Are there consequences to stamps in my passport that are not from border control?
I’m on a trip in Japan. I've seen many touristic places that offer stamps, many temples have it as a free souvenir. This is not the first time I’ve seen this type of souvenir, I also saw the same stamps at The Tall Ships Races 2012 Lisboa. It was a big concentration of tall sails ships. There every ship had a stamp for a fake Passport, mostly for kids.
I would like to know if I stamp my passport with one of this stamps I will have problems of any kind with border security?
samples of stamps:
I don't have the one from Japan but I have one from Liechtenstein and never had any problems with border crossings.
@Karlson The stamps you can obtain from Lichtenstein and San Marino, I think, are from government authorities, and would thus be permitted, the only difference being you get the stamp at the post office instead of a kiosk. If there are any problems, they would surely arrive from the fake stamps you can get in the Galapagos or Cornwall.
I have one from Laos that I got at a post office, because it was the only government facility in the area. It was questionably legit.
It could cause a problem indeed as mentioned in the answer by choster. Anyway I keep my old void passport (you know, with holes in it) to use it for such things. It is safe and at the same time let me collect these unofficial stamps without worrying.
Not every Middle Eastern country is sensitive about Israeli stamps though it is good to check. (The UAE specifically says on its website that it doesn't care.) The posters are right about legal ministates--no problems at all. I got an Andorra one on request at the border, paid for a San Marino one, received a free stamp at the Monaco tourist office and 40+ years ago a Liechtenstein one when they still did those "for real." With all these nobody ever cared. My funniest page is from the '60s when I was at the Austrian-West German border and they still stamped passports.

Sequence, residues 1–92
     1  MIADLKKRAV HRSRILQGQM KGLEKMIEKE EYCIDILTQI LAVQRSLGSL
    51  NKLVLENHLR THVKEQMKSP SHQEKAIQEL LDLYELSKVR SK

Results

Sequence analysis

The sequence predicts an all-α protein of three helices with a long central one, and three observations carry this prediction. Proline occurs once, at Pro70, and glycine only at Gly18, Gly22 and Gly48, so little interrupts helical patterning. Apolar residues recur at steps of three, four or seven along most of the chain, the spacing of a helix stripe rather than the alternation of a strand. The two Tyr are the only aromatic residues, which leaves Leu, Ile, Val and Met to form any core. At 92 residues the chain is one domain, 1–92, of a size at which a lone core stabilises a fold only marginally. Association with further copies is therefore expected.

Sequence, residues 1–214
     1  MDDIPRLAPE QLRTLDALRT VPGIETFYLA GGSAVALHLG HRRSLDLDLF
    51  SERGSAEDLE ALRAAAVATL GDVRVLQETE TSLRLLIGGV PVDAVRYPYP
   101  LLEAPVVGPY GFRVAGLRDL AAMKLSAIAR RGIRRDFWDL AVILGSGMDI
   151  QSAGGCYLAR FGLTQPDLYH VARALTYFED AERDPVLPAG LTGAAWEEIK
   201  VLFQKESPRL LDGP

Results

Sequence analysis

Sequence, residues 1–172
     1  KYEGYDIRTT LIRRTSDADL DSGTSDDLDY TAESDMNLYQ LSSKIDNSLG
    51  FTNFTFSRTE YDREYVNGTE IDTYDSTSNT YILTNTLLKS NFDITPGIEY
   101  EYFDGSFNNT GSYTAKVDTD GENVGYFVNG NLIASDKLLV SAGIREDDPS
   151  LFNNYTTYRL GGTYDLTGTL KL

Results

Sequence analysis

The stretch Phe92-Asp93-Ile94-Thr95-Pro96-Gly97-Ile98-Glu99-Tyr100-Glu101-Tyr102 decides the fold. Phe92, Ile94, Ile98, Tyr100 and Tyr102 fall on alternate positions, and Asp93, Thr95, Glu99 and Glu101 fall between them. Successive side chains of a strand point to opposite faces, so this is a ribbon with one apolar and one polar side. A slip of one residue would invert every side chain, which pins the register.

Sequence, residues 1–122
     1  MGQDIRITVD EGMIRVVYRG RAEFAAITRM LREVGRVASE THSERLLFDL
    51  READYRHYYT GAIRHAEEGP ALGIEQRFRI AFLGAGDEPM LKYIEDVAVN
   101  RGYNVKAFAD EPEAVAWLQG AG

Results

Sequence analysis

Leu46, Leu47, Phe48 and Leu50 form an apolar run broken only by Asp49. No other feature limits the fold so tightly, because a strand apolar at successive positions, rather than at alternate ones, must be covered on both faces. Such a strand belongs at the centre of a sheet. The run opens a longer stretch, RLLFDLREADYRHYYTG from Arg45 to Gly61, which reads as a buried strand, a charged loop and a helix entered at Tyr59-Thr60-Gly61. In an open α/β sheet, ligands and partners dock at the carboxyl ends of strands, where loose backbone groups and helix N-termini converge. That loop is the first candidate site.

Border security: likely no but if you plan to become a Canadian citizen, I would avoid this. Laws are changing but under the laws I was made one, I was asked about every. single. stamp. in my passports (expired one too) and my best friend who got her citizenship about a year prior also had to endure this. Both of us had two passport books pretty full. It took a long time.
Your passport is an official government document, and when marked for any non-official purposes (like collecting a souvenir stamp), you are technically defacing or altering it. In theory you could have it voided (or worse), or in theory, an immigration official could refuse to admit you if they believed that it was a signal the document was in any way invalid.
In practical terms, there are many places in the world that issue many thousands of unofficial stamps. I know they are popular to get at Checkpoint Charlie, various Antarctica stations, Timbuktu, Easter Island, and other iconic world locations. I got one myself at Machu Picchu, which raised no eyebrows at any of the half-dozen countries I visited subsequent to Peru. I've never heard any firsthand accounts of problems, and tend to think that if it were indeed a serious issue, the guidebooks and State Department advisories would include a mention of it.